At one meeting, a staff colonel had the temerity to warn the president that he must yield or face the prospect of mass resignation.
Such an event would have been a crisis of monumental proportions and, worse, it would have granted the military a praetorian veto over civilian matters.
Enter Donald Trump…
Eleven years later, President Trump made a last-minute post-election bid to withdraw troops from Afghanistan. Upon receipt of the directive, Secretary of Defense Miller and National Security Advisor O’Brien moved immediately to stop the president.
O’Brien convinced Trump to convene a meeting of his national security council two days later, where the two, joined by Chairman Milley, warned of dire consequences if American forces left. They predicted another catastrophic departure like the chaotic escape from the Saigon embassy — a visual sure to rattle the media-sensitive president.
According to Axios reporting, top Administration officials were so frustrated with Milley that they resorted to reviewing classified intercepts of third-party conversations, which confirmed that Milley and other flag officers were determined to thwart the president’s agenda.
Trump yielded and the Afghanistan War continued into its fourth presidency.
Astonishingly, over the course of twelve years and two diametrically opposed Administrations, military officers had succeeded in prolonging a war despite the president’s — and the public’s — wishes.
The latter’s frustration cannot be understated.
Ostensibly the indispensable third pillar of the civilian-military relationship, the nation’s citizenry had instead been relegated to bystander. Its trump card — the power to choose and hold accountable the civilian leadership — had been subverted.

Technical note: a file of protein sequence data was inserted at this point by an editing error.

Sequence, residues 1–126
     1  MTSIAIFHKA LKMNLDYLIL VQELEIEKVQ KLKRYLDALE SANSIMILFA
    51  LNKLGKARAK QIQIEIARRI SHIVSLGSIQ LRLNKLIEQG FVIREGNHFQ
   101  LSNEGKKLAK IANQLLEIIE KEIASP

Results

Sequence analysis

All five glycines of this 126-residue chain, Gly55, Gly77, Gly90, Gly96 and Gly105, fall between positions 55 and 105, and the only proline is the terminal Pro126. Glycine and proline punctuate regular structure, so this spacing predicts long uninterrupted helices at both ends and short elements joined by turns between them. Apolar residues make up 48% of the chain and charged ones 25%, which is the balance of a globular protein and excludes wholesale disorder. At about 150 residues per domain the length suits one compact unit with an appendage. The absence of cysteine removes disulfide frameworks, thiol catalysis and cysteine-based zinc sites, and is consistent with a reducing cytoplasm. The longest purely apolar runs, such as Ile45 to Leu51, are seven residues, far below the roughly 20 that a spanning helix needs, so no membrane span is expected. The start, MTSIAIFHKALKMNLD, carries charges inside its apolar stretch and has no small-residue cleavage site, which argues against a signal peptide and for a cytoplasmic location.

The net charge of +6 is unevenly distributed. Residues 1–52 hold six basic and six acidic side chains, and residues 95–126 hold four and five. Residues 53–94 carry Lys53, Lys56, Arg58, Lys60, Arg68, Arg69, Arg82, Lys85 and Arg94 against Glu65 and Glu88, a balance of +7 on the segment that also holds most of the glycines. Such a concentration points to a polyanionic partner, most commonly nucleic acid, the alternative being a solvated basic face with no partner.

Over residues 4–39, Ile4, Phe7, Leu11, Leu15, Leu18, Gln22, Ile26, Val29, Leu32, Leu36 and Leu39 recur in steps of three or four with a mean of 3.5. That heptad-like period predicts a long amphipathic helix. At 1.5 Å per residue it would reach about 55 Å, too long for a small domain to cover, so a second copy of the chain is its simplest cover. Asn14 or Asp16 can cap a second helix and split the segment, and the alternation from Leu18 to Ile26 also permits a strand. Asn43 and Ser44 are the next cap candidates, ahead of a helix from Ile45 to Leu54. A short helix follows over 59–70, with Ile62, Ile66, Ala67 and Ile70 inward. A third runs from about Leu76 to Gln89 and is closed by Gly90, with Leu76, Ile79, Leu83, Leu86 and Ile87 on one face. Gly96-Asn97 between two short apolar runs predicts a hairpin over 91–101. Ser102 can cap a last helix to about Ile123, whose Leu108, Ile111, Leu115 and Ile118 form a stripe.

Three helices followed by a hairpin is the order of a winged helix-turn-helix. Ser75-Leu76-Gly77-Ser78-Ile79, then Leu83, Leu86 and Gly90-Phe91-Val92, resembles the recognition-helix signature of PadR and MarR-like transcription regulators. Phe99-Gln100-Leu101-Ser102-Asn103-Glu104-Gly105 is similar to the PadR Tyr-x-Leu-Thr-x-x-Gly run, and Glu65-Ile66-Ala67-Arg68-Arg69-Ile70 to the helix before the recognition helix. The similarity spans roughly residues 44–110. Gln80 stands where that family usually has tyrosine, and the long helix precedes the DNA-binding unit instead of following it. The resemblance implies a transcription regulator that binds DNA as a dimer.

As far back as 2008, the public began supporting candidates who pledged to end the wars in Afghanistan and Iraq, only to watch their elected officials wilt in the gleam of military brass.
More dramatically, voters then turned to a maverick who had served neither in federal government nor the military but loudly promised to end “forever wars.”
Trump’s America First message resonated because it struck directly at a prevailing foreign policy consensus that repeatedly defaulted to military intervention.
Upon taking office, he channeled the public’s frustration in a now-infamous July 2017 meeting with his national security team.
His advisors had convened the meeting to impress upon him the value of America’s alliances and its presence around the world.
The pretense of a tutorial backfired miserably. Trump raged, castigating the alliances as worthless and declaring Afghanistan a “loser war.”
He denounced the assembled officers as “losers… dopes… babies” and fumed “I wouldn’t go to war with you people.”
When news of the meeting leaked, the opposition denounced the episode as another example of Trump’s lack of fitness for the office.
To the average citizen, the episode was simply overdue.
For all the debate among decision-makers, academics, and experts, all Americans should recall the judgment of a lieutenant colonel only six years after America went to war. Finding American generals deficient in “creative intelligence and moral courage,” the officer lamented that the lack of accountability was the most dispiriting — “as matters stand now, a private who loses a rifle suffers far greater consequences than a general who loses a war.”
In that statement is the crux of civil-military relations. Trust is paramount, but accountability is the foundation.
The civilian is the conscientious principal and the military is the dutiful agent. The civilian trusts, but verifies; the military trusts but it also substantiates its trustworthiness.
Did Trump disregard prevailing norms? Absolutely.
Did he grasp the imbalance in the relationship better than his more “sophisticated” contemporaries? Yes.
After American forces withdraw completely from Afghanistan in September, the civil-military relationship will be unencumbered by war and informed by the lessons of undue deference – a new test awaits.
R. Jordan Prescott is a private contractor working in defense and national security since 2002. He has been published in RealClearDefense, The National Interest, Small Wars Journal, and Modern War Institute.